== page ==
Kids’ DBT skills to help them manage stress

Many studies have proven that DBT (Dialectical Behavioral Therapy) is an effective way of treating several mental health conditions. But most of these studies have been carried out on adults — what about children? The results from the few studies that have included children suggest that DBT may be a useful way of helping minors acknowledge their unhelpful habits and swap them for healthier, more effective alternatives.  

DBT for children

DBT is particularly helpful for children struggling with behavioral issues caused by trauma. The successful form of therapy includes four main goals that have been proven to support young people while they manage their stress levels and modify their behavior.

When children are exposed to trauma at a young age (such as experiencing parental separation or divorce, living with someone with a mental illness, witnessing domestic violence, or suffering emotional or physical neglect) it has a negative impact on how their bodies and brains react to conflict and stress.

Young people with backgrounds like this are much more likely to experience depression, anxiety, and anger problems. They also tend to find it difficult to maintain healthy relationships with the people around them.

DBT has been proven to improve mindfulness and help children live in the moment. This helps them understand that they cannot change the past and focus on the present so they can improve their future. 

DBT skills

DBT helps children learn and develop important skills so they can achieve four primary goals: distress tolerance, emotional regulation, improved relationships, and mindfulness. 

Radical acceptance

Radical acceptance teaches children to accept a situation, whether they like it or not. It allows them to acknowledge that a situation is beyond their control and they need to decide how to act upon it. Radical acceptance allows a child to give their mind permission to let go, even if they don’t like the situation.

This part of DBT helps improve distress tolerance and is useful when dealing with conflict and stress at school. 

Failing forward

Failing forward means learning from your mistakes and using them to grow as a person. This is an important part of DBT that parents need to embrace. Society puts so much focus on success that it’s difficult to consider failures as positive things, but they can and should be.

As a parent, failing forward means allowing your child to accept the consequences of their decisions and actions, such as leaving their homework to the last minute. Instead of punishing your child, talk to them about their experience of having to rush their homework and getting a bad grade or not turning it in at all.

The internal sense of conflict they experience will encourage them to do better next time. 

Box breathing

Box breathing is a simple way to help your child manage anxiety and stress. It goes like this:

  • Inhale and count to 4
  • Hold your breath and count to 4
  • Exhale and count to 4
  • Hold your breath and count to 4

This is an easy and effective way for your child to calm down when they feel overwhelmed or angry. In turn, this can help them manage their stress levels in a healthy way and maintain positive relationships.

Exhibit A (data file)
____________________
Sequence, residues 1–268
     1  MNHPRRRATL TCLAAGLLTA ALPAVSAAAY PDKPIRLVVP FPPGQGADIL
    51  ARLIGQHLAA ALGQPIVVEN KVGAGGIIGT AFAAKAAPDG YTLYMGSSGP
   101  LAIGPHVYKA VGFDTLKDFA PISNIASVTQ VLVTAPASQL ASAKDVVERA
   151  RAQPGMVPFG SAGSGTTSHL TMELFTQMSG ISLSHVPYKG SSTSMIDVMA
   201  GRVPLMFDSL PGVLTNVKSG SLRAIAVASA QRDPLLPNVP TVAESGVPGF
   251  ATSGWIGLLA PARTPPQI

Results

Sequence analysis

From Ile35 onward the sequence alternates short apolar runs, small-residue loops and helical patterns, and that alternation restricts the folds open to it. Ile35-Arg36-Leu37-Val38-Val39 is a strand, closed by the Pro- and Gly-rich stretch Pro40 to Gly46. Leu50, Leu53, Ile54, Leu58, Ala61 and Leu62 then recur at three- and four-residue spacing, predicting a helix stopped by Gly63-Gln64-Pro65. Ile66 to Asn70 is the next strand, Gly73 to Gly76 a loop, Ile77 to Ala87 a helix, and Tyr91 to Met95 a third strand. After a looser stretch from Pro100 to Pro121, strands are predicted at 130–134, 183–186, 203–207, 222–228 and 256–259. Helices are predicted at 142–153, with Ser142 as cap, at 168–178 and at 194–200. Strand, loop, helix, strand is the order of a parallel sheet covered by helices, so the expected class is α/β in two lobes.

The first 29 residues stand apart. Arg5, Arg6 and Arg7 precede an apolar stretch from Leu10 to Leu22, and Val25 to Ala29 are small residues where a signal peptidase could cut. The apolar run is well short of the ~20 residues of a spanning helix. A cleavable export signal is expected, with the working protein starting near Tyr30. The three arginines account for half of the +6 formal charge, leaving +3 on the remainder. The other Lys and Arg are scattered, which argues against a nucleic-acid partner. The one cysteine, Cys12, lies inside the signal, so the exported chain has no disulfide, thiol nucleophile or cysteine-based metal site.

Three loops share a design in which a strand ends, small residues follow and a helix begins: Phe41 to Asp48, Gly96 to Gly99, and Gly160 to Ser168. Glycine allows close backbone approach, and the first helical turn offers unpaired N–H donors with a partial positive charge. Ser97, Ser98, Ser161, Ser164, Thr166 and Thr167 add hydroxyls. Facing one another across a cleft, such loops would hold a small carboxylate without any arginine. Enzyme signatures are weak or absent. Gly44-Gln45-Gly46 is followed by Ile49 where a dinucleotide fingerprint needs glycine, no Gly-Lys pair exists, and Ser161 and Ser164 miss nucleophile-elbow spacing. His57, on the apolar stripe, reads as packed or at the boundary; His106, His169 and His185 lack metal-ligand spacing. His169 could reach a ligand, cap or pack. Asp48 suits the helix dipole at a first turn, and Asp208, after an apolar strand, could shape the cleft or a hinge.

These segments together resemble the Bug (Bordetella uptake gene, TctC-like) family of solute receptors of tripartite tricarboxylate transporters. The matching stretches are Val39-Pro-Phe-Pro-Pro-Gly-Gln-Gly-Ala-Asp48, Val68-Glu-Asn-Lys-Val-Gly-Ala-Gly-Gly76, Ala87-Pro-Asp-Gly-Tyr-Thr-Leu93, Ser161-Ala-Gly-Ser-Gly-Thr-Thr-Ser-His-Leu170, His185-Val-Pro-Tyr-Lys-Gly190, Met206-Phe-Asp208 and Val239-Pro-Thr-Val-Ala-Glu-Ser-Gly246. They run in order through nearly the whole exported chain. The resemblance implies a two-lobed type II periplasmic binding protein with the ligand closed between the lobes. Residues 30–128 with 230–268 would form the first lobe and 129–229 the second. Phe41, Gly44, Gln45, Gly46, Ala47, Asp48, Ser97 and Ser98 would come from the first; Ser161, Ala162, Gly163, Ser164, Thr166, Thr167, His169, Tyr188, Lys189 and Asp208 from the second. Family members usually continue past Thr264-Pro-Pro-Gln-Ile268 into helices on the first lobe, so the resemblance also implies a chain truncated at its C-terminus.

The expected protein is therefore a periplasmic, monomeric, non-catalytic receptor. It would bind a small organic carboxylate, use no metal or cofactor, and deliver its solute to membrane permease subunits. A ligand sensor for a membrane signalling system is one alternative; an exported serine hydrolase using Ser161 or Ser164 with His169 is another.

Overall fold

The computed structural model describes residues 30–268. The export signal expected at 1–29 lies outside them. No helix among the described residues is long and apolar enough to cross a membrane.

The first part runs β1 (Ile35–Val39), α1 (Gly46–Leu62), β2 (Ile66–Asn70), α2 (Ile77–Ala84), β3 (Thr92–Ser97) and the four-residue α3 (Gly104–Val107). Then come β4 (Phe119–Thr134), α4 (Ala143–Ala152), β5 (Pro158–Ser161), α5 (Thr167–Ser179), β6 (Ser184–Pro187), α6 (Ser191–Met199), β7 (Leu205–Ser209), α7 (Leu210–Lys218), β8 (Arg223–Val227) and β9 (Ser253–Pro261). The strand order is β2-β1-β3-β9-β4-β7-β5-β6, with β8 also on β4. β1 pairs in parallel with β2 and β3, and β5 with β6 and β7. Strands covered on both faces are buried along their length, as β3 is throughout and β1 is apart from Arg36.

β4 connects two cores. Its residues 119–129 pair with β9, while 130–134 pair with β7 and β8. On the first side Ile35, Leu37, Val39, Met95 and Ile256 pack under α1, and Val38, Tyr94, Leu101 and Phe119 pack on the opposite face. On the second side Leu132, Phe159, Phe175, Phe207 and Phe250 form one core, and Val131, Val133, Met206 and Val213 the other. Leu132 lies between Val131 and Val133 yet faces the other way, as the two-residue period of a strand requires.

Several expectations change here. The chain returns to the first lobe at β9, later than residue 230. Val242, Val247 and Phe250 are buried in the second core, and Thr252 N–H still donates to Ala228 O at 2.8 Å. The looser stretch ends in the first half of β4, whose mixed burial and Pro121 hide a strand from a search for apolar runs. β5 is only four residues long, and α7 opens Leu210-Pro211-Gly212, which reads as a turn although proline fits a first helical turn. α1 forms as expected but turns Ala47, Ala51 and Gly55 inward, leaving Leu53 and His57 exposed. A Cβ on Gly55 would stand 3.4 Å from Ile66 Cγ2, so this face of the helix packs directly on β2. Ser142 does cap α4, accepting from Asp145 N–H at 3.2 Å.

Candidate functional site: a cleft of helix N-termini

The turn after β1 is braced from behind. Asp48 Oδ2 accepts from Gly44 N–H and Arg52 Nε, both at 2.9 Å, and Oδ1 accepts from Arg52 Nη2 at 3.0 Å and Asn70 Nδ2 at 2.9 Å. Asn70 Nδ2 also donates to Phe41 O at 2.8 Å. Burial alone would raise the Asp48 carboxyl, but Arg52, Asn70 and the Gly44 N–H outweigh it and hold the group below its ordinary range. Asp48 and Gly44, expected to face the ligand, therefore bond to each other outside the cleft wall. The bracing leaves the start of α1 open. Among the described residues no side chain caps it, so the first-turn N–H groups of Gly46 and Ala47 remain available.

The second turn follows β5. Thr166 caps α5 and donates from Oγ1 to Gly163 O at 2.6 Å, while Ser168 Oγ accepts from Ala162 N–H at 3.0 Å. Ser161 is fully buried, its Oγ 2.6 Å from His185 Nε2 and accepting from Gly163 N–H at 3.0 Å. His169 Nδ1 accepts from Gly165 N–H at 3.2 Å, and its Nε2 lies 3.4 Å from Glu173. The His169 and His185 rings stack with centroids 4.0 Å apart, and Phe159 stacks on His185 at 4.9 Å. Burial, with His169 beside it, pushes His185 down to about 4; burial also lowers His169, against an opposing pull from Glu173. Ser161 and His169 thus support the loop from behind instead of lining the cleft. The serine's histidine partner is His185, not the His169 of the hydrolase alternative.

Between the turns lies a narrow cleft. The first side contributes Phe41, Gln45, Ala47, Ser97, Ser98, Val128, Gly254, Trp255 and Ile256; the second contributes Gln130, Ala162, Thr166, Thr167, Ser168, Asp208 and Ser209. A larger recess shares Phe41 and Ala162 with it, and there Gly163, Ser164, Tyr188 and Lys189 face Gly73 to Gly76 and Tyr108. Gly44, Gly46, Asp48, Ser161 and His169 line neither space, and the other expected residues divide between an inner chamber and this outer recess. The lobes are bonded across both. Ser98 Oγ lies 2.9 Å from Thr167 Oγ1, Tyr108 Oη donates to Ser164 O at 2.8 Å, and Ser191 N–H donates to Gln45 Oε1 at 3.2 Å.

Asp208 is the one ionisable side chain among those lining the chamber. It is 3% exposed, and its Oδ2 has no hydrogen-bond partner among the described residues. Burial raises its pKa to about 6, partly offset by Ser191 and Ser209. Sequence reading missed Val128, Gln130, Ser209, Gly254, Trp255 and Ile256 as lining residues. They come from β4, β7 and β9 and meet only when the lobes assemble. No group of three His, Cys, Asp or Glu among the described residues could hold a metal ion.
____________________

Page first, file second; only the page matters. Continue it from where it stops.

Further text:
Moment to pause

When a confrontation or situation is getting too intense and emotions are running high, taking a moment to pause can deescalate whatever’s going on. Making the choice to step away until everyone involved has calmed down sounds simple, but it can be difficult to do in real life. 

It helps to have a code word that means everyone needs to take a moment to pause. When your children are having a heated argument that is quickly escalating, use the code word so everyone knows to back down and cool off until things have settled down.

Ride the wave

Riding the wave allows your child to experience an emotion without having to react to it. This technique encourages children to recognize the emotions that they feel and ride them out until they pass naturally — just like riding on a wave. 

Suppressing emotions isn’t healthy. Nor is reacting negatively to them. By accepting that they can’t change their emotions and they’ve just got to wait until it passes, young people can manage and regulate their emotions without negative behavior. 

We’re here to help

The studies don’t lie — DBT can help children who struggle with regulating their emotions, controlling their behavior, and maintaining healthy relationships with friends and family. Before you begin looking into therapy options for your child, it’s important you’re committed, too. DBT techniques aren’t just something your child will have to learn and practice — you’ll have to work on them, too.


If you’re ready to do the work to help your child feel better and grow into a healthy, happy adult, make your first appointment today. We have many therapists who specialize in DBT and can help your child acknowledge that they can’t control everything, while also helping them modify their behaviors related to the things that they can control.  

The information on this page is not intended to be a substitution for diagnosis, treatment, or informed professional advice. You should not take any action or avoid taking any action without consulting with a qualified mental health professional. If you are in a crisis or any other person may be in danger,  these resources can provide you with immediate help:
Suicide and Crisis Lifeline 988
24 Hour Suicide Prevention Lifeline 1.800.273.8255
Crisis Text Line Text TALK to 741741